Getting Better: Improving Education By Learning from Evidence-Based Medicine

‘It’s chilling that when we think we are doing good, we may actually be doing harm’        Dr Ben Goldacre

Giving Evidence has underway a major project to improve the effectiveness of education in less developed countries, by seeing what and how it can learn from evidence-based medicine (EBM). The first findings are here.

Performance has improved dramatically in medicine with the rise of evidenced-based practice: for example, deaths from infectious diseases in the US fell by over 95% during the 20th century. By contrast, educational learning levels are often abysmal: for example, in India, a third of 8-9 year olds can’t recognise simple words.

The move to evidence-based practice in medicine took decades. What can education emulate which will enable similar performance improvements? This project aims to find out. And inviting you to get involved.

Is medicine analogous to education?

Yes, up to a point. For example, in almost every country, education and healthcare are both delivered universally by government (with private alternatives for those who can afford them) and hence are major parts of government policy and spending. They share difficulties with incentives: funded by tax, neither the institutions (hospitals and schools) nor practitioners (doctors, nurses and teachers) are paid directly by the people they serve. Both have information asymmetry between providers and consumers (pupils don’t know what they need to learn, and patients don’t know what they need to take or do). Both have thousands of practitioners who go through a system for training and qualification, normally run or overseen by the state. 

But they’re not identical, and hence lessons from health can’t automatically be transferred. For example, the goal of medicine (healthy people) is easier to define and less contentious than that of education (People who can pass exams? People able to get jobs? People who are fulfilled?) Education is normally a batch-process and proactive, whereas most healthcare is individual and reactive. Teachers don’t self-select for ability in science, whereas doctors do, and education is more context-dependent than many medical interventions are.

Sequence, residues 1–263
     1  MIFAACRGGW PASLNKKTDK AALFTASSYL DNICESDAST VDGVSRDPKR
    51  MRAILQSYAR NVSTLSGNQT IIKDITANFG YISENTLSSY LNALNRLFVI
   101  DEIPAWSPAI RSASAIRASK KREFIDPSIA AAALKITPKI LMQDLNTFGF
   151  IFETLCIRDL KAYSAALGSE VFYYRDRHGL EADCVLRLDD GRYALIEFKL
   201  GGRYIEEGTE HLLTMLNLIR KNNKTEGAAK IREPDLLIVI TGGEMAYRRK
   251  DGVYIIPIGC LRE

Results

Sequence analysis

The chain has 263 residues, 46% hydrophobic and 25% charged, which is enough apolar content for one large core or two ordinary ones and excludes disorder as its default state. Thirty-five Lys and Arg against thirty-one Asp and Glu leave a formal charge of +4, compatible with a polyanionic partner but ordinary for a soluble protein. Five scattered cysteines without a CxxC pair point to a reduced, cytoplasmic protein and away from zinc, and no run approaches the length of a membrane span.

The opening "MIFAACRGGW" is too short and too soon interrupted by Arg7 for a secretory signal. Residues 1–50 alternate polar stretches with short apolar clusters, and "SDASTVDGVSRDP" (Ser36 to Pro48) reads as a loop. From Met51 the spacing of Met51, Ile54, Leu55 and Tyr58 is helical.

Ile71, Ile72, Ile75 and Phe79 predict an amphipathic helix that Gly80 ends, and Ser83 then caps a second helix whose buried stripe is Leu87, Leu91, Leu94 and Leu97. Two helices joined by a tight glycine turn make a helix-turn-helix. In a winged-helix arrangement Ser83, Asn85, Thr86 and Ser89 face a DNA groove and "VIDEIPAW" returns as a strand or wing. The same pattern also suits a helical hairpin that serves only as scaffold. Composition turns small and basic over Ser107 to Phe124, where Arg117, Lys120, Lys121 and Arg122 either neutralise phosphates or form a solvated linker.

The project’s focus

1.The ‘evidence-systems’ in medicine and in education. Production: who produces evidence, why, how, how are they incentivised and funded; Dissemination: who disseminates it and why; and Use: how is evidence used, why and when, and why not, and what devices (e.g., checklists) can help in practice. 

We are looking at what enables the helpful parts to work, such as: training and skill-levels, institutions (e.g., academic journals, watchdogs, regulators), funding mechanisms, politics, relationships (e.g., between practitioners and academics), tools (e.g., metrics and analytical frameworks), traditions, ‘customer’ expectations and norms. And what hinders good practice, which education in less developed countries should not emulate, such as distortion of the evidence-base by private operators.

2. Identifying ways that the evidence system in education can improve: not necessarily by emulating the system in medicine, but by learning from it.

3. Consult with funders and practitioners and other to mobilise action to improve the use of evidence in education in less developed countries.

Get involved

If you are involved in education in less developed countries – as a provider, funder, academic, regulator, trainer or commentator – we’d love to talk to you. The project involves many senior medical practitioners and academics. contact us on: admin [at] giving-evidence [dot] com

What can giving learn from physics and law and history? —>

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One Response to Getting Better: Improving Education By Learning from Evidence-Based Medicine

  1. I wonder how much effect is due to how much the patient likes the doctor, in comparison to how much the student likes the teacher. Is there any evidence-based practice in teaching that will produce a greater effect size than that of giving a child a teacher who loves their subject and students? Perhaps improving job satisfaction and therefore retention of passionate teachers will have a greater effect than changing teaching content or practice?

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